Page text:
Editor-At-Large: Let cynics scoff – a can-do Cabinet may pull it off

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Two men form a coalition, and get pilloried. They put aside their differences, and even manage a joke or two at their first public outing. The result? They're dismissed as the political equivalent of Ant and Dec. Their kitchens and their wives are relentlessly analysed for compatibility, as if these men are reality TV contestants, not senior statesmen.

On every side, we're awash with negative speculation about how long this shotgun marriage will last. I haven't seen such sneering since the first civil partnerships. These days, gay men and women get hitched and no one comments. But politics – what a dinosaur world. Scan our national press over the past 10 days, and you discover that British political commentators have the same physical attributes as you and I, but something very different goes on inside their heads. Confronted with a hung Parliament, we were treated to a media in meltdown, as days and hours of painstaking negotiation ticked by. No mention that in countries such as Germany and Israel, a coalition is only formed after weeks of haggling. By Monday, I felt as if I were being put through the long rinse cycle as the press corps camped out in Downing Street.

Before this election, the public said it was disenchanted with politicians. But the television debates changed all that. Far from staying at home to register our disgust with a no-show, turn-out was excellent and we queued patiently to vote. Hundreds of us got locked out of polling stations as the system just couldn't cope with our new passion for democracy. Once again, dismissive political writers claimed that the debates "trivialised" politics by not focusing on issues in depth and by emphasising style over content, appearance over gravitas. Wake up, guys and gals! Have you forgotten you're living in the multi-channel age, where people can tune in to news and information in a multiplicity of shortcut ways? The texting generation doesn't do depth. As it turned out, the debates served their purpose – they got us arguing and talking about how we wanted our country run.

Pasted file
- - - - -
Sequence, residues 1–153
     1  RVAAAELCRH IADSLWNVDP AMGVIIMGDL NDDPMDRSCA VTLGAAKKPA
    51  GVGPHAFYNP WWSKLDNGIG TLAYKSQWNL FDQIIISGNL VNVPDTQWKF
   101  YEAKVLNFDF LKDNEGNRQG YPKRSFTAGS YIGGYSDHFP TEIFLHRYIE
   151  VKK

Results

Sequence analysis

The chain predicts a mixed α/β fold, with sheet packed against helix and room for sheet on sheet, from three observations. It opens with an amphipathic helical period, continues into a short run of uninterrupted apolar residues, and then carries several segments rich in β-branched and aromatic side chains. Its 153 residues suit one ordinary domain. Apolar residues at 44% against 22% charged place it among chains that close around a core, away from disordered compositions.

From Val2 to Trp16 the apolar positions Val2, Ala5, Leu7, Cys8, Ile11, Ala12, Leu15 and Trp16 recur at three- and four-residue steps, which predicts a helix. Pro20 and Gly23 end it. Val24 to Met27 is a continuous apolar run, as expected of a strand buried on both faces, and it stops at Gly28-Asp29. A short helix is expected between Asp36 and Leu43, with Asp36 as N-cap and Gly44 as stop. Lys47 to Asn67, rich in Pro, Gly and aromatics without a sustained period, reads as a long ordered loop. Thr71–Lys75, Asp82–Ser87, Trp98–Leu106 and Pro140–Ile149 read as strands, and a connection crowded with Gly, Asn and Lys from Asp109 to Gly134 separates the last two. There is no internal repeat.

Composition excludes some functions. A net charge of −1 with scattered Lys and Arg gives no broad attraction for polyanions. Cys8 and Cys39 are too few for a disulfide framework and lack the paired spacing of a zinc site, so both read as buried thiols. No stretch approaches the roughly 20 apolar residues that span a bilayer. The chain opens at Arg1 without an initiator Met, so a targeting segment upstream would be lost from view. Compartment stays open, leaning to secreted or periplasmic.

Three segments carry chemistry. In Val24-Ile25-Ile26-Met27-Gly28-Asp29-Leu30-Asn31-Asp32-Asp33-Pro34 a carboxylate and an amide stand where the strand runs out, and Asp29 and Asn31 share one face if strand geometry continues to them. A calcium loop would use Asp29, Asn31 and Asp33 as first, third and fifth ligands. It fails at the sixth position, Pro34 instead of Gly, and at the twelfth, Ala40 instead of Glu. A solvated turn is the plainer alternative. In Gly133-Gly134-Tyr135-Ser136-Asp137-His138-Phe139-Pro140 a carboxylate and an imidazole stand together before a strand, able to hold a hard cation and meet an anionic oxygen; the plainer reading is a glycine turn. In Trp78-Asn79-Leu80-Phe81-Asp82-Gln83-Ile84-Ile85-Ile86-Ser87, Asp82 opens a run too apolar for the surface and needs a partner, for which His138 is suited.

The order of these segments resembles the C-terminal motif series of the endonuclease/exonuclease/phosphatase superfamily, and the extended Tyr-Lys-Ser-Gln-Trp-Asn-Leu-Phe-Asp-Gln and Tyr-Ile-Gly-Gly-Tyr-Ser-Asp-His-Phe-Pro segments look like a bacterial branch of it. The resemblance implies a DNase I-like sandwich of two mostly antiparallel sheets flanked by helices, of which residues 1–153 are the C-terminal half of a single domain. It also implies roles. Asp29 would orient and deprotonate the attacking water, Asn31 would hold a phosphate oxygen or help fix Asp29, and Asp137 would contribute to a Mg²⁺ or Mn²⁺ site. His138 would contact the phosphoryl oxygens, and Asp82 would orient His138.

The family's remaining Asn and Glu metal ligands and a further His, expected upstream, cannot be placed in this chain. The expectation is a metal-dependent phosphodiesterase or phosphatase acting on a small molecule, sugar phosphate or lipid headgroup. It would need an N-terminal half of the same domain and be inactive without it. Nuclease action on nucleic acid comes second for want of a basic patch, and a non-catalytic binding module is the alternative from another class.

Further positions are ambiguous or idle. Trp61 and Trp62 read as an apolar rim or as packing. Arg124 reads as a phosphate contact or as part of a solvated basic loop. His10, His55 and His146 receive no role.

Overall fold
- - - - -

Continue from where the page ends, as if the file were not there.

Then, when voters delivered a hung parliament, you'd think that Britain was about to sink beneath the Channel. We were told that the money markets were poised to dump the pound, that every hour we were a rudderless ship confirmed our status as a fourth-rate nation. Utter bilge. A few brave analysts managed to get the message out that everything was holding steady, and that we were small beer compared to the meltdown in Greece and possibly Spain and Portugal, but it wasn't a popular theme. And from the moment it emerged that David Cameron and Nick Clegg could work together, and had formed a united team (sadly not enough women, but that's another story), managing to bury their differences and sit around the cabinet table without throwing their rattles out of the playpen, then the cynics really kicked into gear, describing it as a "love-in" and predicting when cracks would appear in this new domestic bliss.

Interestingly, when the same newspapers ask their readers what they think about the coalition, it turns out that ordinary voters are much more prepared to give it a chance. Know why? In everyday life, we compromise all the time. In the minds of old-style politicians and Westminster hacks, life is a series of brutal skirmishes along strictly tribal lines. They're locked into an out-of-date mindset. In the real world, every day we compromise in our relationships, and at work. To stay in our jobs, we have to accept different working conditions, longer hours, no bonuses, no pay rises. In a recession, to stay afloat, you have to fit in to the new mood. And why are political columnists so surprised that Clegg and Cameron can work together when previously they have insulted each other and denigrated each other's policies? Both men are enthusiasts. Cameron can enthuses about food and about pop music, isn't embarrassed to admit his taste in trashy telly.